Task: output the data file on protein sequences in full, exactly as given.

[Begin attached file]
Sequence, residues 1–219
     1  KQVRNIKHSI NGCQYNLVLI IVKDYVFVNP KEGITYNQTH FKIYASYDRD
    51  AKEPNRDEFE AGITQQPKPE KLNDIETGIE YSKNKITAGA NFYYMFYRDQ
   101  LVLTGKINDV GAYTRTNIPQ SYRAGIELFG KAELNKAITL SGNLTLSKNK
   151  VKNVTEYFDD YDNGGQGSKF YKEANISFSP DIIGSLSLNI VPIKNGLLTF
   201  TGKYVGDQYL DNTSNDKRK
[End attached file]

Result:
Sequence, residues 1–219
     1  KQVRNIKHSI NGCQYNLVLI IVKDYVFVNP KEGITYNQTH FKIYASYDRD
    51  AKEPNRDEFE AGITQQPKPE KLNDIETGIE YSKNKITAGA NFYYMFYRDQ
   101  LVLTGKINDV GAYTRTNIPQ SYRAGIELFG KAELNKAITL SGNLTLSKNK
   151  VKNVTEYFDD YDNGGQGSKF YKEANISFSP DIIGSLSLNI VPIKNGLLTF
   201  TGKYVGDQYL DNTSNDKRK